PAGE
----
'This story didn't begin as a book. I simply wanted to know – for myself and my family – what meat is. Where does it come from? How is it produced? What are the economic, social and environmental effects? Are there animals that it is straightforwardly right to eat? Are there situations in which not eating animals is wrong? If this began as a personal quest, it didn't stay that way for long...' – Jonathan Safran Foer
Publisher: Hamish Hamilton
I want to start by saying that I am a meat-eater. I am not a vegetarian, although I do enjoy vegetarian meals. I have a varied diet and did not pick up this book because I wanted to confirm any sort of decision not to eat meat, I decided to read this book because as a meat-eater, I think it is important to know what I am eating and where it comes from.
I am a firm believer that all the decisions we make in regards to how we live our lives should be well-informed, and well thought out. We should be held accountable for our choices and we should be comfortable with them. Not for any other reason than we are the ones who have to live with ourselves.
Foer explores the practices and issues surrounding factory farming and commercial fisheries. He takes an in-depth and well researched look at how these industries operate. Foer talks about fishing practices, the issues surrounding by-catch, the horrors of the factory slaughterhouse, the inhumane treatment of factory farmed animals which the US government condones by not outlawing, the environmental impact of the demand for more and more meat, and the health risks involved in eating animals that are pumped full of drugs.
Can you say, UGH!?
This book was confronting. From learning about appalling the living conditions of these animals, to their deaths – "cows are consistently bled, dismembered, and skinned while conscious" – to the waste management issues at pig factories, and the amount of hormones and drugs that are pumped into chickens.... well, it certainly left me with a bad taste in my mouth. I do not understand how this sort of practice can be legal? I really don't.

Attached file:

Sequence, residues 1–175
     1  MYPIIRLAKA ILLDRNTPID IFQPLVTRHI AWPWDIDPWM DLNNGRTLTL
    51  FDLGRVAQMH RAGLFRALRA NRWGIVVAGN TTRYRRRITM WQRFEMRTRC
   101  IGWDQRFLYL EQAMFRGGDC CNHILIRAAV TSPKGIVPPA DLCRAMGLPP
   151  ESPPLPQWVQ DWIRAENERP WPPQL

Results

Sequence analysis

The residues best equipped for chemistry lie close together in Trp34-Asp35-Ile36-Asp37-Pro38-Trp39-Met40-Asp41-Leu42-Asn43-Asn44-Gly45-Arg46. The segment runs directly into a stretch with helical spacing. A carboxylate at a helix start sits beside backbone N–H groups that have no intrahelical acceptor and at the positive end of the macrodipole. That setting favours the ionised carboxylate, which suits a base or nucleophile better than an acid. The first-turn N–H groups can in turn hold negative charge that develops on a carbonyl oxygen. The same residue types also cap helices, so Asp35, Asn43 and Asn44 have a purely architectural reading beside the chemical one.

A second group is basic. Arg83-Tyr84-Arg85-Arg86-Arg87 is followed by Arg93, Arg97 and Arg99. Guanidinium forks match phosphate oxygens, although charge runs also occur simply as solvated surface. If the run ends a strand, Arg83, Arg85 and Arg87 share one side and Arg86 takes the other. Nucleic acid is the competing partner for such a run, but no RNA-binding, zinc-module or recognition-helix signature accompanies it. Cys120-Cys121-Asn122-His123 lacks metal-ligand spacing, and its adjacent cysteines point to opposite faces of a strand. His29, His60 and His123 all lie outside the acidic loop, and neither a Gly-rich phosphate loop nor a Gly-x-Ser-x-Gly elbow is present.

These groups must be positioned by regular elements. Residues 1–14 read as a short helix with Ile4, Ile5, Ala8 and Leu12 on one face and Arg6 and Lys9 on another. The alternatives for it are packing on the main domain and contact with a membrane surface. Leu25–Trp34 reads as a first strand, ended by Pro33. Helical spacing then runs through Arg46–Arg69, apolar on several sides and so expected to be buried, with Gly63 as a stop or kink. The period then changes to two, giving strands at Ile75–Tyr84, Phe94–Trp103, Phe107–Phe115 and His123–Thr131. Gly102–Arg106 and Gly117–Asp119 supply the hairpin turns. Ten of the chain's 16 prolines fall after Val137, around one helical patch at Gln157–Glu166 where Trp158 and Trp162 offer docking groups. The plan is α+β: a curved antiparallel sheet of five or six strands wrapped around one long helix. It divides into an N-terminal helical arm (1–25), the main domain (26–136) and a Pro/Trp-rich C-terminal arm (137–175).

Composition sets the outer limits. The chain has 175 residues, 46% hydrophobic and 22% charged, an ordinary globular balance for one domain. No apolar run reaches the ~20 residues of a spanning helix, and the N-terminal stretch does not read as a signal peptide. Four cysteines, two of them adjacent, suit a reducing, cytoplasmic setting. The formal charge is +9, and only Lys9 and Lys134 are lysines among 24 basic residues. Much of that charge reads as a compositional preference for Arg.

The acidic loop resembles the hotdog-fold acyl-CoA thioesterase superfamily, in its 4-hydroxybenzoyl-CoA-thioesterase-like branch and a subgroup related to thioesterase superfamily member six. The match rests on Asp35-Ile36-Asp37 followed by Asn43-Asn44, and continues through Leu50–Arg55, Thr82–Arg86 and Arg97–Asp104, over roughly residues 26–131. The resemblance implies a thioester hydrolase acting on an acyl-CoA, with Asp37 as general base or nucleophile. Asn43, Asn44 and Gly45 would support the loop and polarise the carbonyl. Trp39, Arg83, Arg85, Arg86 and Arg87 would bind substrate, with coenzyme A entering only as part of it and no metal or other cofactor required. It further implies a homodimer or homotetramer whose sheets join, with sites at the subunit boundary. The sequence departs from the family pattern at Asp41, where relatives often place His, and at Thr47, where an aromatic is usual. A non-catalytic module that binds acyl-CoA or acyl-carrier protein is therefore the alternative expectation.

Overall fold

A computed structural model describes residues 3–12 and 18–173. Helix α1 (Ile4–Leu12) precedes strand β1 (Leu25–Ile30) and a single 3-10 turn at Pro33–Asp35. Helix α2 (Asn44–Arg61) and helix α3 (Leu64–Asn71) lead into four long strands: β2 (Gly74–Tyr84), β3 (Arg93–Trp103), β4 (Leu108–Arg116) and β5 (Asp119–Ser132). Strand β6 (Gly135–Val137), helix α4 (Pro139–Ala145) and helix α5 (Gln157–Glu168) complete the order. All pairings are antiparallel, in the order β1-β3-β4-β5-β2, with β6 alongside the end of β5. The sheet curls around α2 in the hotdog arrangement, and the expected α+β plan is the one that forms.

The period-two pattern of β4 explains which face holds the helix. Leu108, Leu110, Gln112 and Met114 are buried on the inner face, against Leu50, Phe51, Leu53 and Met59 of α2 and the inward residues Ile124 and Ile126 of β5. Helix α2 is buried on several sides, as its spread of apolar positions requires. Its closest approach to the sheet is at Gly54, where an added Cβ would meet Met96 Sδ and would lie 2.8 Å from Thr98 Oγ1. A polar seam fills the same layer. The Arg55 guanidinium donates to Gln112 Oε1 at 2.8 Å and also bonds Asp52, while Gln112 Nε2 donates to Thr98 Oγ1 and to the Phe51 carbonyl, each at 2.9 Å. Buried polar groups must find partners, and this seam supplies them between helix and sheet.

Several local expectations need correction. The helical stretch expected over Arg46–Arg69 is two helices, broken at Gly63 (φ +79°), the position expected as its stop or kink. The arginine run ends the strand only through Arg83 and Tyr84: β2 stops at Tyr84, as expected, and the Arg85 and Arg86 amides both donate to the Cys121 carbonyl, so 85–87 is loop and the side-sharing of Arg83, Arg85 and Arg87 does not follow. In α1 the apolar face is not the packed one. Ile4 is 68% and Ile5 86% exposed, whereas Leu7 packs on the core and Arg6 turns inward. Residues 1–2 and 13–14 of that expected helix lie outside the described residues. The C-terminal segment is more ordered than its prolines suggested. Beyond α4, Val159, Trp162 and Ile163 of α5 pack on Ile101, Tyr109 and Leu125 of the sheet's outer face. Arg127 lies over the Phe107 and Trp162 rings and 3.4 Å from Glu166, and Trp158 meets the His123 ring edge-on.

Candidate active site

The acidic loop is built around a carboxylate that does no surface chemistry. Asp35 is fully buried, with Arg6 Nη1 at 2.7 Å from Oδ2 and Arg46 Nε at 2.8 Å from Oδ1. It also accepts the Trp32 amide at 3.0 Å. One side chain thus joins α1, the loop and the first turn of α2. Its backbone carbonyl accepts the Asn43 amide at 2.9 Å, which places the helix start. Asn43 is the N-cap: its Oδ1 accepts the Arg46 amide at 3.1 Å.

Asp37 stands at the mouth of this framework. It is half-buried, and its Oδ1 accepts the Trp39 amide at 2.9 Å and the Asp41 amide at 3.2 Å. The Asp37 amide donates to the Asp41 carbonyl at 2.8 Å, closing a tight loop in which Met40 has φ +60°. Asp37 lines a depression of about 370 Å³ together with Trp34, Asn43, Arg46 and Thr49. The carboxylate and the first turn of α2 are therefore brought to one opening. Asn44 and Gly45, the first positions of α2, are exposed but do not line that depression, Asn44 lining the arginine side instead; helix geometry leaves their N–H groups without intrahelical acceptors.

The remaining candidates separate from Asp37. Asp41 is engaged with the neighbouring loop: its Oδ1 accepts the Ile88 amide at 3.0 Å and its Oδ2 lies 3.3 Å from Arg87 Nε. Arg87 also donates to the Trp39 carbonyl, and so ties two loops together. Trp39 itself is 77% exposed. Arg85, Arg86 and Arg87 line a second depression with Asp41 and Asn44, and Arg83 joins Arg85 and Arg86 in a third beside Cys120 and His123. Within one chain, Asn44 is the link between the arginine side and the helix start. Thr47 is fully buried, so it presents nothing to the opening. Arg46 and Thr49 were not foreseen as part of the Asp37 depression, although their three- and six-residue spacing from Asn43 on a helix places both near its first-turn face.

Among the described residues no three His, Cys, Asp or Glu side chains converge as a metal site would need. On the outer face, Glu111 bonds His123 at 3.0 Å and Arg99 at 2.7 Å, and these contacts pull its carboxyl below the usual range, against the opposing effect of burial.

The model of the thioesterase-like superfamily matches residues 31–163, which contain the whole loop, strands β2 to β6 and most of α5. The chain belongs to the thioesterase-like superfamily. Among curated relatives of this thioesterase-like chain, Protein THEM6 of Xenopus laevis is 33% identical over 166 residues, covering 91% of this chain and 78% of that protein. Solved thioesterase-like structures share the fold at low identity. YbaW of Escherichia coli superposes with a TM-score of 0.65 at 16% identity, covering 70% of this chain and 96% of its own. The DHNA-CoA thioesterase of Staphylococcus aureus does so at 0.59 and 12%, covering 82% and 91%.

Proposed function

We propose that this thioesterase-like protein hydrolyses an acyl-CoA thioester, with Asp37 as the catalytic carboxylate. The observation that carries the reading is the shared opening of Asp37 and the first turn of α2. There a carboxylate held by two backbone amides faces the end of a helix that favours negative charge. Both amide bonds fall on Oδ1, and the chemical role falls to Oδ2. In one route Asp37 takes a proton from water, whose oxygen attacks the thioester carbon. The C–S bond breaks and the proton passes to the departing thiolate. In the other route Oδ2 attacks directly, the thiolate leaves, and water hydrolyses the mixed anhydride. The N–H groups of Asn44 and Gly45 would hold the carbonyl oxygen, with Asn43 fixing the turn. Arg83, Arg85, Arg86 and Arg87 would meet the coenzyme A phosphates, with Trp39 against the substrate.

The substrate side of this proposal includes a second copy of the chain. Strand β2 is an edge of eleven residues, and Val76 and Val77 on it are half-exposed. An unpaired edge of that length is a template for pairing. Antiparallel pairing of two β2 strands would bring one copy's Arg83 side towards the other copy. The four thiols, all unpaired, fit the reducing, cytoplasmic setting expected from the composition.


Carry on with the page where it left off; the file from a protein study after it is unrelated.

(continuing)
I am glad that I live in Australia and not the US. Although we do have factory farms here, it isn't as big as in the US. We still have plenty of real farmers who breed, rear and slaughter their own animals. We also have stronger laws surrounding animal cruelty and farming practices, but that is not to say that this kind of stuff does not go on here. To think that would be naive.
I am not going to declare that I am never going to eat meat again, after reading this book. That would be a lie and it would be hypocritical of me. I have no problem with eating meat, but I do not want to eat factory farmed animals. Like the non-factory farmers Foer interviews in this book, I believe in eating meat.. but from animals that are given good lives, are looked after properly, are healthy (not full of drugs) and are given humane deaths. But where do I find that? Where is the disclosure by meat sellers, so consumers can make informed choices about what they are eating?
How do I know which meat comes from where? Do I avoid the supermarket as they probably get their meat from factory farms, as it is cheaper? Do I shop at my local butcher more often, as he may get his meat from a farm? Or, do I stick to shopping at my monthly local farmers market, and buy my meat direct from the farmer? What about when I eat at a restaurant?
This book has raised so many questions for me and I am certainly going to look into this further.. I need to do some serious research on factory farming, and farming practices, in Australia. I want to know what I am eating. I want choice.
This book isn't all disturbing. Foer also talks about the cultural and social meaning of food, and how food often provokes memory. We relate what we eat, to family, friends and good times. That is so true. I have always been a big believer in meal time being a social occasion. For my family, get togethers always mean good food, good conversation and happy memories. It's nice to see we are not alone in that respect.
This book is a must read for all meat-eaters. Some of the practices and descriptions in this book are quite frankly, horrifying. It will certainly have you thinking twice about if you really want to eat chicken for dinner... But I would rather know these things so I can change my shopping habits, rather than continue to eat this kind of meat in ignorance. I can also safely say, although I will not be cutting out meat altogether, I have a feeling there will be more meat-free meals in my weekly shop, while I research this issue further.
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